Signs of intensifying regulatory trouble would are discouraging me from placing my hard-earned cash into British American Tobacco(LSE: BATS) right now.
But I'll come onto that in a bit as I want to first look at another conventionally-cheap stock I plan to avoid: support service and construction expert Interserve (LSE: IRV).
Too good to be true?
Its share price tanked in February after the release of terrible full-year numbers. And share picker demand has failed to improve since -- indeed, its value hit eight-year bottoms around 185p per share this week.
I have no doubt that many investors will still be drawn in by (what at least appears on paper) Interserve's undemanding valuation.
An expected 9% earnings drop in 2017 leaves it trading on a forward P/E ratio of four times, way below the widely-regarded bargain yardstick of 10 times. However, I believe predictions of a 7% bottom-line bounce-back look a little too good to be true.
Its shocking fall in first-half profits was due to what it called "challenging market conditions, regulatory and political changes and expected cost headwinds." While revenues rose fractionally during January-June, to £1.65bn from £1.63bn a year earlier, it saw headline pre-tax profits sink 34% to £36.5m.
The tough trading environment Interserve is currently battling does not look likely to improve any time soon as the economic and political turbulence sweeping the UK intensifies. And this is not the only problem facing the business as the troubles emanating from its defunct Energy from Waste division still hang large.
While the company noted last week that "we continue to believe the provision taken in 2016 remains appropriate" -- it banged away £160m in total to address the issue -- it added that "significant risks and uncertainties remain."
There is clearly too much mud in the water to justify investment in Interserve right now, in my humble opinion. And I believe the same can be said for British American Tobacco.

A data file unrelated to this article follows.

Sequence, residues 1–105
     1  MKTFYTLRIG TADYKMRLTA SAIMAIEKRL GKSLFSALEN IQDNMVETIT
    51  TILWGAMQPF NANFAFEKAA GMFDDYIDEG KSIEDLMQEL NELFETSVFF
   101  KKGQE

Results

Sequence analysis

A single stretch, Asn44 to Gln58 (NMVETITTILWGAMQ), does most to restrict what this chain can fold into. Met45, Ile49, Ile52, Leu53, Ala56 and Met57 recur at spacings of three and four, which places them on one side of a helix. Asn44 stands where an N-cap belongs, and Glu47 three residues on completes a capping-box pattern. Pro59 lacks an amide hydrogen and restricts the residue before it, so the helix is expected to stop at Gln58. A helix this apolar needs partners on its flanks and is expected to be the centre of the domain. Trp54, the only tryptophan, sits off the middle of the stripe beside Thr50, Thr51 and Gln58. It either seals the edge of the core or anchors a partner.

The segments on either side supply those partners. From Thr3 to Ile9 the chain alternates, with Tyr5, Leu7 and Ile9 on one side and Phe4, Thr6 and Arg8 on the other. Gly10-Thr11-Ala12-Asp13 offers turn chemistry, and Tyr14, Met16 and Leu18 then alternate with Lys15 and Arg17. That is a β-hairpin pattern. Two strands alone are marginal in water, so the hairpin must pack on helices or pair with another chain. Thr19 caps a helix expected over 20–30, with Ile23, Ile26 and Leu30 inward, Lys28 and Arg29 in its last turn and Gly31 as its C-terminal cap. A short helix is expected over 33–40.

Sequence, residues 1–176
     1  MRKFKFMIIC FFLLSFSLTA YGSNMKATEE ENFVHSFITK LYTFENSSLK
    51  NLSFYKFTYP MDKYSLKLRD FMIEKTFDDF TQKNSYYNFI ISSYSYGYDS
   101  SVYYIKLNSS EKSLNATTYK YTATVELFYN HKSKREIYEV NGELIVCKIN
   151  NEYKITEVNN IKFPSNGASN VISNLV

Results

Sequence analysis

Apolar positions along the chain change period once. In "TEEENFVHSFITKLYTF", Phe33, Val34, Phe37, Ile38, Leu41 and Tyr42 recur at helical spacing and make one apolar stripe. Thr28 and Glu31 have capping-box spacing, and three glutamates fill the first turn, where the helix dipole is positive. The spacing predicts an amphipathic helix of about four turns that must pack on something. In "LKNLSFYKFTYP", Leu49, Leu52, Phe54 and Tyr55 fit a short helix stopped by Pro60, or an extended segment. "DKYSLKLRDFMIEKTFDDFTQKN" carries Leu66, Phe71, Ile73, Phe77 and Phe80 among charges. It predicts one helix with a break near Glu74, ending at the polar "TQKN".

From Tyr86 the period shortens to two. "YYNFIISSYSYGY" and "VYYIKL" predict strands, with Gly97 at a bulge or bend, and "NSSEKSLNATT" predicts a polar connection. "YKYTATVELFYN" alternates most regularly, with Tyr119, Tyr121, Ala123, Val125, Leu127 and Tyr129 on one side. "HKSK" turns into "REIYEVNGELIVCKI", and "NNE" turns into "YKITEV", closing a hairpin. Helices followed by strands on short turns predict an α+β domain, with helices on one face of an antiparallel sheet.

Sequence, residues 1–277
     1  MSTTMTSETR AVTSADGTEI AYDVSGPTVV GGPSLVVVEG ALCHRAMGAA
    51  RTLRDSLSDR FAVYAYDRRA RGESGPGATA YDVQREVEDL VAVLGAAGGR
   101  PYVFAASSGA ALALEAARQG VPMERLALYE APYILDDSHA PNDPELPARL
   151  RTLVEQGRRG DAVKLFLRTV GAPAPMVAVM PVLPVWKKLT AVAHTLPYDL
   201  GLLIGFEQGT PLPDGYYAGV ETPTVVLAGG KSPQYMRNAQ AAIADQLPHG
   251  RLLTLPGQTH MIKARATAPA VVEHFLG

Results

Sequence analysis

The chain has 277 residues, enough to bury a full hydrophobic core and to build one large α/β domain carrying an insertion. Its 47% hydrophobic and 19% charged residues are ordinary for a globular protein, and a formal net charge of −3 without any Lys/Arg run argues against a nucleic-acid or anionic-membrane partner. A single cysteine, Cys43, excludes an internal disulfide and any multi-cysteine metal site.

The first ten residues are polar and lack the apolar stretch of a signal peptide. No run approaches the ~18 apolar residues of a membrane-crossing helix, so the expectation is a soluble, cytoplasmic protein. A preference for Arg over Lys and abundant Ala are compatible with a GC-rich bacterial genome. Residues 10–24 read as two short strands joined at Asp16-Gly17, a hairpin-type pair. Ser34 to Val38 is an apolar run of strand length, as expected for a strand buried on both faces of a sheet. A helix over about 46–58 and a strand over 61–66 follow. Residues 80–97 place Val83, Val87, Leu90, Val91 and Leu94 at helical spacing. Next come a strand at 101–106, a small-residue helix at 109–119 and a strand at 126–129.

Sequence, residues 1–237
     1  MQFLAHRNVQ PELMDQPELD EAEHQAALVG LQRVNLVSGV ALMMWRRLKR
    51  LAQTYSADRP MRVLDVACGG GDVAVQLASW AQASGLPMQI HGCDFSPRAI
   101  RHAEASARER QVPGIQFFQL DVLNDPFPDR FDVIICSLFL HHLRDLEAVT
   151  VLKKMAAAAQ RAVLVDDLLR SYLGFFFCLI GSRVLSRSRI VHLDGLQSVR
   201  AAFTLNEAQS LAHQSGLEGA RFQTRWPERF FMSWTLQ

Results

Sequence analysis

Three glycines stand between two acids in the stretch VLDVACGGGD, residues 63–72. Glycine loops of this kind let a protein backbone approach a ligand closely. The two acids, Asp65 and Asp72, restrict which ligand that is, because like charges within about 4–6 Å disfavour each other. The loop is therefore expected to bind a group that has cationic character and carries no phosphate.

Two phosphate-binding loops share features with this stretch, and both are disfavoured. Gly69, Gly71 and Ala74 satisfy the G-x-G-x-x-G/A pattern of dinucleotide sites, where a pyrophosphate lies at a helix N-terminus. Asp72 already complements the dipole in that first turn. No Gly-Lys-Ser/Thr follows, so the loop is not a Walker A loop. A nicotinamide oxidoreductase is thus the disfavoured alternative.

The cigarette titan made a serious statement in July when it snapped up the 57.8% stake in Reynolds American it did not already own. The rationale of the deal was to give it a bigger stake in the vast US marketplace, and to bolster its already-formidable stable of industry-leading brands with the likes of Camel and Newport.
But news has since emerged that the US Food and Drug Administration is looking to reduce the amount of nicotine in cigarettes to non-addictive levels, a situation that could clearly have serious ramifications for British American Tobacco's revenues prospects. The company, like its peers, is already battling against tighter regulations such as plain packaging and smoking bans in many of its other markets.
If this wasn't problem enough, the London-based business is also currently being investigated by the Serious Fraud Office over allegations of corruption in East Africa, a situation that could result in crushing financial penalties down the line should wrongdoing be ascertained.
An expected 13% earnings rise in 2017 leaves British American Tobacco dealing on a prospective P/E ratio of 16.9 times. This may appear decent value at first glance -- after all, the firm's formidable brand power and vast geographic exposure are enjoyed by other, but more expensive, FTSE 100 shares like Unilever and Diageo. Having said that, the growing legislative threat to the company's core products makes it a risk too far for me at least.
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Royston Wild has no position in any shares mentioned. The Motley Fool UK owns shares of and has recommended Unilever. The Motley Fool UK has recommended Diageo. Views expressed on the companies mentioned in this article are those of the writer and therefore may differ from the official recommendations we make in our subscription services such as Share Advisor, Hidden Winners and Pro. Here at The Motley Fool we believe that considering a diverse range of insights makes us better investors.